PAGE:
Parpet added fourth sport to his resume
Girls varsity bowling coach has spent decades coaching football, baseball, basketball
Last updated 1/24/2024 at 3pm | View PDF
Paul Parpet had been a high school coach for four decades before signing on as the varsity girls bowling head coach at Hinsdale Central almost nine years ago.
"This fall I just completed my 50th consecutive year of coaching high school football," Parpet said. "I'm proud of that. That's why I brag about it."
Parpet has logged 30 years as head football coach, 21 as head baseball coach and 30 as a freshman basketball coach. After he retired from teaching at Addison Trail High School in 2010, he coached at Downers North, Downers South, Lisle and Metea Valley (where his nephew John was head coach) before coming to Central in 2015.
"I have been busy," he said.
It's no surprise that he's continued to coach, since it has been a passion since he was a student at Morton West High School.
"We had study halls that we had to go to and there were 200 people in the study hall back then," he said. "I would practice signing my name for hall passes, because I wanted to teach and I wanted to coach."
After graduating from Western Michigan, where he played baseball on a scholarship, he was hired at St. Cyprian in River Grove, where he worked for two years until he was hired at Addison Trail. He eventually became department chair of physical education, health and drivers ed.
"I coached three sports my entire career except for four years, when I went to watch my son play baseball at Glenbard West," he said.
His coaching philosophy has evolved over the years, he said, noting his early focus on winning. He had an early taste of success when his Addison Trail football team played in the state championship game two years in a row.
"I thought that was me," he said. "It wasn't me - it was the players."
His student-athletes helped him realize there was more to high school sports than wins and losses. He recalled the 2004 football season at Addison Trail, when 37 varsity football players were suspended after a weekend house party. The team lost its next game 49-0 to Willowbrook.
Parpet said he asked one defensive back named Ryan Martin, who played every down on defense instead of sitting on the bench, what he thought of the game. He was taken aback by the response.
"Coach, that was the most fun I've ever had in my whole life," Parpet recalled him saying. "Right there it made me realize, for these kids, it's not about winning and losing. Three weeks later, everybody got to play.
"They don't care if they play for five plays - they played," he continued. "It's probably one of the best things that I've ever done, and that was because of Ryan Martin."
Parpet also believes it's critical to focus on fundamentals. Athletes need to progress, with the goal of becoming "unconsciously competent."
"If you have to concentrate and concentrate and concentrate all the time, that's not good," he said.
For his Red Devil Bowlers, that means not having to think about where to stand or what target to aim for. And that comes through hard work.
"Everybody is focused on the results and you can't always control the results, but you can control the process," he said.
Part of the process for some bowlers is simply learning the sport. While many football and baseball players start competing as young kids, Parpet sees a number of bowling newcomers on his squads.
"If you don't have bowlers in your family, it's not something that is done at a young age, especially in Hinsdale," he said. "In Hinsdale, when I first took over, we had some big bowling families. Now that's not the way it is."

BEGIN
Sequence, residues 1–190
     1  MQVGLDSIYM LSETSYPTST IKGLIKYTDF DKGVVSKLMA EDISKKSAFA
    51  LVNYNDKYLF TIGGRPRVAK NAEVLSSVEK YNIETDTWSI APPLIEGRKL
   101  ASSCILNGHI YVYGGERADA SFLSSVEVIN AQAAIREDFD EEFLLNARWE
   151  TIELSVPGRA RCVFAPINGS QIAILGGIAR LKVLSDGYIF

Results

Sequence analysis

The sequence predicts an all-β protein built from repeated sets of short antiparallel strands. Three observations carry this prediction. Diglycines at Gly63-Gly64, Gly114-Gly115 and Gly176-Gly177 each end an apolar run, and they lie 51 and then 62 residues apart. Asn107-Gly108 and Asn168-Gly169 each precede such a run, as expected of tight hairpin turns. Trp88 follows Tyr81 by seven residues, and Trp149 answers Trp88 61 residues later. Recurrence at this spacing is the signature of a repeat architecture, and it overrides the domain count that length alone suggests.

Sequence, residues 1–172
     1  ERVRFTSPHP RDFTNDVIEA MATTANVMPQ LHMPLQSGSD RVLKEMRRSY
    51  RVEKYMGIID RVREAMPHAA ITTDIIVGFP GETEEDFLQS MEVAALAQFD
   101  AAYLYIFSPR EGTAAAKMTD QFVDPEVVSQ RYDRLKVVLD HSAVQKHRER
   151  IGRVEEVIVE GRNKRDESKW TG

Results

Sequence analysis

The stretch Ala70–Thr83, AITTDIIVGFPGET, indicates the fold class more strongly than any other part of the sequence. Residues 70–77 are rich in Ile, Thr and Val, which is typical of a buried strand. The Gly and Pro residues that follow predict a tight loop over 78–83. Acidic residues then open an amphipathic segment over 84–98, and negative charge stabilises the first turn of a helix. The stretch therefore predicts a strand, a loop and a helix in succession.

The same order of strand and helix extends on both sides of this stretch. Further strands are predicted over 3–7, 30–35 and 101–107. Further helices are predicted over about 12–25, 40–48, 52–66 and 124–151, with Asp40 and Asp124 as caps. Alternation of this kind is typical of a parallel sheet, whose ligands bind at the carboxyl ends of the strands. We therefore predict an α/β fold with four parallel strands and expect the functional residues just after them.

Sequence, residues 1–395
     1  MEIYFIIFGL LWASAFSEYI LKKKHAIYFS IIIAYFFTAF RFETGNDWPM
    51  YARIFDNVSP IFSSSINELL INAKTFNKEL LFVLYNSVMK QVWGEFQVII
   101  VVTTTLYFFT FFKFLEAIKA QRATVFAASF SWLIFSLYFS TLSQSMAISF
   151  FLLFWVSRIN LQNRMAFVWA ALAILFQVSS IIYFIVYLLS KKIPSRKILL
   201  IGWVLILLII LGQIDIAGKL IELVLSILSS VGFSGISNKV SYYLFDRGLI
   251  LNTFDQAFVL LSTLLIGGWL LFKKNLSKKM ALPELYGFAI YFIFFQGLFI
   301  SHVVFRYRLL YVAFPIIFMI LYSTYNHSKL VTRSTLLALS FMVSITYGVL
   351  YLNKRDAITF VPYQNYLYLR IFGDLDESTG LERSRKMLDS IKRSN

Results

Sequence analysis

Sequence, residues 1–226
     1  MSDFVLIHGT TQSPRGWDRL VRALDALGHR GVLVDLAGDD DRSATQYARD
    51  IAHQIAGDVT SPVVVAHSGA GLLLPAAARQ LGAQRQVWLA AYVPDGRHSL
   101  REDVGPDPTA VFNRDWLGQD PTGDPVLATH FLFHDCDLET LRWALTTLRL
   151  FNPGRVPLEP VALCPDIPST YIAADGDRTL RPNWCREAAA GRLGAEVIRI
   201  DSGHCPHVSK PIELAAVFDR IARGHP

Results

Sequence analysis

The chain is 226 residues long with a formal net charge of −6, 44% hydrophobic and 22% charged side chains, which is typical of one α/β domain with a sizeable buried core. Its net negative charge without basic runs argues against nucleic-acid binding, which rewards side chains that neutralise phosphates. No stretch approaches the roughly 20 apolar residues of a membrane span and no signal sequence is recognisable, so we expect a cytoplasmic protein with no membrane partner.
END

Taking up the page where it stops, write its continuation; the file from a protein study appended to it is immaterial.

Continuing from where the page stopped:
Student-athletes also have other obligations. April Wu, his best bowler, is an accomplished violinist and second chair of the Chicago Youth Symphony Orchestra.
"She's doesn't have enough matches to make All Conference," he said. "She's 18 pins from making it to (state in) Rockford."
Parpet also has seen a decline in the number of girls on the team.
"I usually have a squad of anywhere from 15 to 18. This year, I've got nine," he said, noting other teams are seeing smaller rosters as well.
"We have to up our numbers," he said. "We're going to the junior highs, the feeder schools, and putting together some open nights at the bowling alley in the early fall."
Even with a smaller team, he's happy with the season.
"The bowling at Hinsdale this year has been good," he said. "We haven't won a lot of matches, but (last Wednesday) we bowled at Downers South and the girls competed really well. We had two girls who had high scores."
Central varsity girls track head coach Pat Richards is a longtime fan of Parpet.
"He is someone when I was a younger coach I looked up to," said Richards, who also coaches football. "He's passionate about coaching and well-rounded. It never surprises me to look up and see him coaching another sport. I'm not sure where he gets his strength from as he keeps going."
Assistant bowling coaches Jen Jaczak and Lauren Otahal also commented on Parpet's energy levels.
"His enthusiasm and love of coaching is something truly to be admired by aspiring coaches," they wrote in an email. "He creates an environment that is both competitive and fun to encourage the girls to make this a fun lifelong hobby/activity.
"We are lucky to have his coaching experience for our staff and bowlers alike."
Parpet spends his time away from coaching at the secretary of state's office in Naperville, where he works from 8 a.m. to 1 p.m. five days a week.
"All I do is road tests because of my drivers ed background. I live two miles from there. It's a great job. There are a lot of nice people in this world," he said.
He has no regrets about dedicating his life to coaching.
"It has been a good choice, what I chose to do," he said, "because I really enjoy it."